27 November 2004
Habits hard to break for jailed nuns
Resolve unswayed after '02 break-in at Colo. missile site
By Charlie Brennan,
Rocky Mountain News


Prison can breed surprising friendships.

Take, for example, anti-nuclear activist and Dominican nun Carol Gilbert and America's most famous fallen homemaker, Martha Stewart.

Gilbert is at the Federal Corrections Camp in Alderson, W.Va., serving 33 months for her April 2003 conviction on one count each of felony sabotage and destruction of government property.

Stewart started a five-month sentence Oct. 8 at the same facility for lying to investigators about the circumstances of a now notorious 2001 stock sale.

Recently, Gilbert, 57, and Stewart, 63, ended up at the same lunch table. The pacifist, who has taken a vow of poverty, and the multimillionaire, who was chauffeured to prison by her personal security team, enjoyed their meeting - given the circumstances.

"We're not talking about a tea party," said Gilbert's Denver attorney, Sue Tyburski. "We're talking about a big cafeteria setting with the terrible food."

Gilbert wrote briefly about meeting Stewart in a recent letter to Tyburski, who had handled her case at no charge.

"She said that Martha is getting the kid-gloves treatment from all the guards and that she's in great demand for people to visit with at lunchtime," Tyburski said.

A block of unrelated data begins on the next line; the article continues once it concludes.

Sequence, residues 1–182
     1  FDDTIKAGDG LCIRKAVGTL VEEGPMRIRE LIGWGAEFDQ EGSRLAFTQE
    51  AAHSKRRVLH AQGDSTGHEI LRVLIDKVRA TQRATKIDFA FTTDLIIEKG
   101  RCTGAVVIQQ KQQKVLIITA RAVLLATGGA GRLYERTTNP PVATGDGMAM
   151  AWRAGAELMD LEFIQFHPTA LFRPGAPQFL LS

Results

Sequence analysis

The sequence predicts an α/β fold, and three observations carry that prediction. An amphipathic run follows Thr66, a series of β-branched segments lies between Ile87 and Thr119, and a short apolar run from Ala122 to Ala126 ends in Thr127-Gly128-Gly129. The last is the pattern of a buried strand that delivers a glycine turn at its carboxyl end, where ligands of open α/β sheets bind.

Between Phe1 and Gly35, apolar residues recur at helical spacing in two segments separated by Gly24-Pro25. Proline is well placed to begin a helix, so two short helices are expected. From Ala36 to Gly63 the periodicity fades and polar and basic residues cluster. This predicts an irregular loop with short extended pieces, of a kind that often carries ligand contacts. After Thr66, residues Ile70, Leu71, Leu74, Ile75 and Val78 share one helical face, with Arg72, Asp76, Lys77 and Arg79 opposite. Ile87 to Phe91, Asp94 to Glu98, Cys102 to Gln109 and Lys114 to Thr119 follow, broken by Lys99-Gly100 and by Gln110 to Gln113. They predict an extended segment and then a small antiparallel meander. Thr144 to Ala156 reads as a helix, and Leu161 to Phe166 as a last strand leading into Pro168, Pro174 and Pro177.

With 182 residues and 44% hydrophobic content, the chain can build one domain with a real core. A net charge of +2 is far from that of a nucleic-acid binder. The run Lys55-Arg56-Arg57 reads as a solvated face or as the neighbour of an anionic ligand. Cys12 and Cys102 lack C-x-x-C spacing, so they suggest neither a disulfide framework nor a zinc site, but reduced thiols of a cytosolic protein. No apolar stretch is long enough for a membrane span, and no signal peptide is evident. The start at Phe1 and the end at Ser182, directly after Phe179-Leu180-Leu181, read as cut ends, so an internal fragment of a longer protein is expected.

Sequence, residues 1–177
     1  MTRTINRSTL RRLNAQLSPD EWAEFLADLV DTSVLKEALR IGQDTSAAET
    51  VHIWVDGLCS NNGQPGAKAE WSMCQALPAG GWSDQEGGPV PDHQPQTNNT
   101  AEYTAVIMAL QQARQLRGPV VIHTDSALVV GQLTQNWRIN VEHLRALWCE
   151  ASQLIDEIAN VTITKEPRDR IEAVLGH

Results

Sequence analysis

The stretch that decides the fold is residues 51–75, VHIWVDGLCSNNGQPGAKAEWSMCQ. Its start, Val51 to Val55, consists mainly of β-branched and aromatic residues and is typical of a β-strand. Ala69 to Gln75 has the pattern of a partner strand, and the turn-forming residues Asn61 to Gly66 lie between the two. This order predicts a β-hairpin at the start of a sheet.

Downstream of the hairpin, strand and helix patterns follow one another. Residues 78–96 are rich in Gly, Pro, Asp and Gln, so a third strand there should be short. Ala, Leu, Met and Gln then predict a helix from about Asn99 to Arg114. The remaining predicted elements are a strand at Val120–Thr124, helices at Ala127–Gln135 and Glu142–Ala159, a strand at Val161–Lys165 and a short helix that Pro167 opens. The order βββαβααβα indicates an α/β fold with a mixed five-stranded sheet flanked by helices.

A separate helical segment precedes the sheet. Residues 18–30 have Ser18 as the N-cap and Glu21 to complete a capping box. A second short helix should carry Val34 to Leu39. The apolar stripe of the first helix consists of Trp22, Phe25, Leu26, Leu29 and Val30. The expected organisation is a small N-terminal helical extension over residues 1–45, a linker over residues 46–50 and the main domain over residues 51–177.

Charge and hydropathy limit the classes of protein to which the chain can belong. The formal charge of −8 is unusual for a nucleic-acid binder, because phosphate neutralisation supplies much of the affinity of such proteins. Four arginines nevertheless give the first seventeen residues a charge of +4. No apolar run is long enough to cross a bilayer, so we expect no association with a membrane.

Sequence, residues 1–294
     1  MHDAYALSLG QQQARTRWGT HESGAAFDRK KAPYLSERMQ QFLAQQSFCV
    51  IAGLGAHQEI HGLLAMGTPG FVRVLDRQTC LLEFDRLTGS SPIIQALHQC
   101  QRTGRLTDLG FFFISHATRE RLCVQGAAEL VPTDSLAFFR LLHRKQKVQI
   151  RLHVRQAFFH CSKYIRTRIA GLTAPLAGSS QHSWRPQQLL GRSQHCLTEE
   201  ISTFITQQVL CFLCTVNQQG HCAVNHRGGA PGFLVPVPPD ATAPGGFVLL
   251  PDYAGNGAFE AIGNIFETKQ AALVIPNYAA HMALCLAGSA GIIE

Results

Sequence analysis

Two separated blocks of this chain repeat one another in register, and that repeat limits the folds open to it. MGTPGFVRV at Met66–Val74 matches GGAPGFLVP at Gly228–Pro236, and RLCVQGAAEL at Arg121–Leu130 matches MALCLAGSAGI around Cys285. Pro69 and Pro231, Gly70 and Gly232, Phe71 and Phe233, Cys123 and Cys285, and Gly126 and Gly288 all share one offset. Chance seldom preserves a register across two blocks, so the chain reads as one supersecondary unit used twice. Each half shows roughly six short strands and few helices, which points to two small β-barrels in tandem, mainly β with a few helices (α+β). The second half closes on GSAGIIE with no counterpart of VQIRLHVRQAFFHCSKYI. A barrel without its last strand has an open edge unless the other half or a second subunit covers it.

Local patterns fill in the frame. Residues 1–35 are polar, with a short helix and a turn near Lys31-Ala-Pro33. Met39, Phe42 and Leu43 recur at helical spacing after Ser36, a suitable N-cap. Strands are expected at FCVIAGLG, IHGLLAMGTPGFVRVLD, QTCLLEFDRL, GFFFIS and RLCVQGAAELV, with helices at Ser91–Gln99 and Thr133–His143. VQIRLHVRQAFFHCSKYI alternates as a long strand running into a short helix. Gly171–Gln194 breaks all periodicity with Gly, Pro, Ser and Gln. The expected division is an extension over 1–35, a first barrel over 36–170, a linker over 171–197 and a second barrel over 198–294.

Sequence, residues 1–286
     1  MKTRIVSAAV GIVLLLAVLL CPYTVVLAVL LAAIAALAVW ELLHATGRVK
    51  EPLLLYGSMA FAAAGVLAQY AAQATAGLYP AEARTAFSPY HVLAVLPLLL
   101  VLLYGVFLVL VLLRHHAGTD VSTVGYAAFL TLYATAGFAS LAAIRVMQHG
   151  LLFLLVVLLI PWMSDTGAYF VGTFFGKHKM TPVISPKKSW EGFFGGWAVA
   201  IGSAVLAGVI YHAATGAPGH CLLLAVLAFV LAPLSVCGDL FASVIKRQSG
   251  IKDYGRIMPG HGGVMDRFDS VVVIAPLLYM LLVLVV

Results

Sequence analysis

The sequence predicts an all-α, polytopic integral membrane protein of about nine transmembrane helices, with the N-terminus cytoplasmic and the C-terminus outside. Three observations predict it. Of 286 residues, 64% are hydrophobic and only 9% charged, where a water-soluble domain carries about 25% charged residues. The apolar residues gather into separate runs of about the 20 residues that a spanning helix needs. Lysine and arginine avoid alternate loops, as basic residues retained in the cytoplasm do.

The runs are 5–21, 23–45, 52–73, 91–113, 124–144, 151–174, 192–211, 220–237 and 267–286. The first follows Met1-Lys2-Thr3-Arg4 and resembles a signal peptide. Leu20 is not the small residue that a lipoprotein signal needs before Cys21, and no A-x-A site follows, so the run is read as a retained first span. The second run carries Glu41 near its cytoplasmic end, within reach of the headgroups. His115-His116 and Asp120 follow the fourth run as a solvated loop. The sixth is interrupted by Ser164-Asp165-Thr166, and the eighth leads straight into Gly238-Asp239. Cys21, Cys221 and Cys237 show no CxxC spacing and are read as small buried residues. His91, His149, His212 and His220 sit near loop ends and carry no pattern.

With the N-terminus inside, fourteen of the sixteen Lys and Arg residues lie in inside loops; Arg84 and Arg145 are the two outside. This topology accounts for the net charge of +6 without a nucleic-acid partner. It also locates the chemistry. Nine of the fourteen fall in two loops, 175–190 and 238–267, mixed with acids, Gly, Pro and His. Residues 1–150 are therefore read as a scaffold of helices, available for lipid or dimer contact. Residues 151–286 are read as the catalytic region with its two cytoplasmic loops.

Stewart, Gilbert told her lawyer, is writing a book about her prison experience.

"Sister Carol," Tyburski said, "rather than saying, 'I hope I make it into her book' - as a lot of the prisoners are saying - says, 'I hope she writes about the plights of all these other women who have received lengthy sentence under federal mandatory drug-sentencing laws.' Rather than worrying about herself, as usual, she's thinking about everyone else there."

Three nuns, three journeys

That Gilbert has had prison face time with perhaps the federal prison system's most famous inmate is possibly the biggest surprise to arise out of a journey by Gilbert and two other Dominican nuns through the federal justice system since their arrest on Oct. 6, 2002.

That is the day that Gilbert and Sisters Ardeth Platte and Jackie Hudson went to the N-8 Minuteman III missile site in rural northeastern Weld County on a mission to nonviolently and symbolically inspect, expose and disarm what they branded an illegal and immoral weapon of mass destruction.

Clad in white jumpsuits identifying the trio as a "citizens' weapons inspector team," they cut through a security fence, smeared crosses in their own blood on the silo lid, and tapped on the rails - on which the 110-ton cover would move in the event of a missile launch - with ball-peen hammers in a symbolic attempt to beat swords into plowshares.

All three women drew longer sentences than they had expected, with Gilbert serving 33 months, 70-year-old Hudson 30 months and 68-year-old Platte 41 months. They are scattered through the federal Bureau of Prisons, housed in minimum-security facilities from Connecticut to California.